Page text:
by Erica Wright
Around ten years ago, a friend suggested that I submit to a flash fiction anthology looking for writers.
I’m embarrassed to admit my reaction now, but I
laughed. I had just scraped my way through a novella class in my MFA program for poetry, relieved that the instructor neglected to return comments on the
8,000-word (I tried to make it longer, I swear) concoction I submitted as my final. Fiction? Not for me.
When I completed my first poetry collection, though, something unexpected happened: I didn’t like any of my new poems. My drafts resembled mazes with so
many backtracks and dead-ends that not only was it impossible to find the ending, there was no hope of finding the beginning either. I was stuck. It took
awhile to admit my situation, but it was clear that I had used up all of my poetic energy and needed to recharge. Since not writing is a one-way path to
crazy town for me, I started experimenting again with narrative. The result was a rambling, pseudo-mystery about a woman who considered her photographic
memory to be a disability. That is to say, the result was a failed novel to befriend my failed novella.
In the meantime, my first poetry collection had found a publisher, and I was writing poems with beginnings and endings again. Turns out, I need both the
magic of poetry and the discipline of prose. I started work on what would become my first published novel, The Red Chameleon.
I know I’m not alone in genre hopping, having recently started poet Monica Ferrell’s novel The Answer Is Always Yes and interviewed thriller titan
David Baldacci about his fantasy YA novel The Finisher. Both Roxane Gay’s collection of essays Bad Feminist and her novel An Untamed State are in my to-be-read pile. If your New Year’s resolutions include tackling a different format, here’s what I learned from my
Know Your Landmarks
Even in genres as different as poetry and mysteries, there is overlap. Think about what skills you already have and whether those can be applied to your
new project. My favorite craft essay is Richard Hugo’s “Writing Off the Subject.” It’s targeted to poets, but when writing fiction, I can hear his advice:
“In the world of imagination, all things belong. If you take that on faith, you may be foolish, but foolish like a trout.”
Ask for Directions
There will be plenty that you don’t know, and it’s okay to seek help. I found Alice LaPlante’s book Method and Madness to be particularly useful.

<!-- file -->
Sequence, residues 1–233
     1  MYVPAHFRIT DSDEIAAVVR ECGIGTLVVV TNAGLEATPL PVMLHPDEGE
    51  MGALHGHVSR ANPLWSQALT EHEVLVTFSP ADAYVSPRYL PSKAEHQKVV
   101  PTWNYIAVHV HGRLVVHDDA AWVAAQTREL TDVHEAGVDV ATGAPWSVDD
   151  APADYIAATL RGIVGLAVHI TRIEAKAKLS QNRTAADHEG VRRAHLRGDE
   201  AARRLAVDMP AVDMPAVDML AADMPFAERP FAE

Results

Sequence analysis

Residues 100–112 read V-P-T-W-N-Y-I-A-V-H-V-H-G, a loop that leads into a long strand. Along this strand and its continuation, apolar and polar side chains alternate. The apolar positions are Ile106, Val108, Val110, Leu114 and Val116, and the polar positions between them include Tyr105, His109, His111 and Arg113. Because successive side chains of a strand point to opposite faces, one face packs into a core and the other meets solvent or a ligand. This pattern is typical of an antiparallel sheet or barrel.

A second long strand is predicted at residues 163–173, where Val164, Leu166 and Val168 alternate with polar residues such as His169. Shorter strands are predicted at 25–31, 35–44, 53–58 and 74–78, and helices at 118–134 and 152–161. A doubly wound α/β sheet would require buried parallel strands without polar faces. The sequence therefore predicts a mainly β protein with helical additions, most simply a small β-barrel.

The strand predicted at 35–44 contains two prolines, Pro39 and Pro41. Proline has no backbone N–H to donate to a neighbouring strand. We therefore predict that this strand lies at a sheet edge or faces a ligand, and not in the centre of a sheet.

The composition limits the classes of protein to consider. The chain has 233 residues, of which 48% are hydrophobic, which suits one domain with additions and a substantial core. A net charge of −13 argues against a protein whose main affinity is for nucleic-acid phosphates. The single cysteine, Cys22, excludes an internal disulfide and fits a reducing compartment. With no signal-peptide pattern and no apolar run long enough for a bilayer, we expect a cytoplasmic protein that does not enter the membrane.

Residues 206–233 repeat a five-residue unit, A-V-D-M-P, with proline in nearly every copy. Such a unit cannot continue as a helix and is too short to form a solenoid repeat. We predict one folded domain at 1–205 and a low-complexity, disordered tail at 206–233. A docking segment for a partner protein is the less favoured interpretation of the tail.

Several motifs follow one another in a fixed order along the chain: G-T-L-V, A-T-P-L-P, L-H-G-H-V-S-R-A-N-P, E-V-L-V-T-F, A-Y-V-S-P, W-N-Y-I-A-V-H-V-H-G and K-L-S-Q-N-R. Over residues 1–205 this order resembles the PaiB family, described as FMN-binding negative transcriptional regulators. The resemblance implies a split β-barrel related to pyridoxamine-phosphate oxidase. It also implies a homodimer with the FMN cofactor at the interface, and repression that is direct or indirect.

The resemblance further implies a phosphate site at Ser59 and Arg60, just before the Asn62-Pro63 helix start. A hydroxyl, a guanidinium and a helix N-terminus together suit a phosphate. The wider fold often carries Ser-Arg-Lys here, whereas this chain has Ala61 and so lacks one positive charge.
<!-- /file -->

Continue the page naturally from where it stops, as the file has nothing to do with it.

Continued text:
There are also a lot of free resources online.
You’ll Get There When You Get There
This was the hardest advice for me to embrace, but wrong turns are inevitable. When I finished the disaster of a first novel I mentioned above, I knew a
lot more about plotting than when I started. I closed that file and opened a new one.
Erica Wright's debut crime novel
The Red Chameleon (Pegasus Books) was one of O , The Oprah Magazine's Best Books of Summer 2014 and was called "riveting" by Publishers Weekly. She is also the author of the poetry collection
Instructions for Killing the Jackal (Black Lawrence Press, 2011) and the chapbook Silt (Dancing Girl Press, 2009). Her poems have appeared in Blackbird, Crazyhorse, Denver Quarterly, Drunken Boat, From the Fishouse, Gulf Coast, New
Orleans Review, Spinning Jenny, and elsewhere. She is the poetry editor and a senior editor at Guernica Magazine
as well as an editorial board member for Alice James Books. She has taught creative writing at Marymount Manhattan College and New York University's
continuing studies program. She grew up in Wartrace, TN and received her B.A. from New York University and her M.F.A. from Columbia University.
As a PI, Kathleen Stone relies on her ability to blend into the background. Aided by her street-smart drag queen friend and the best wigmaker in New
York City, she feelsead under suspicious
circumstances, she fears that someone she angered in her past job—busting gangs and drug dealers as an undercover cop—has seen through her disguises.
Now she must work with her former colleagues in the NYPD to solve the case before she’s the next victim.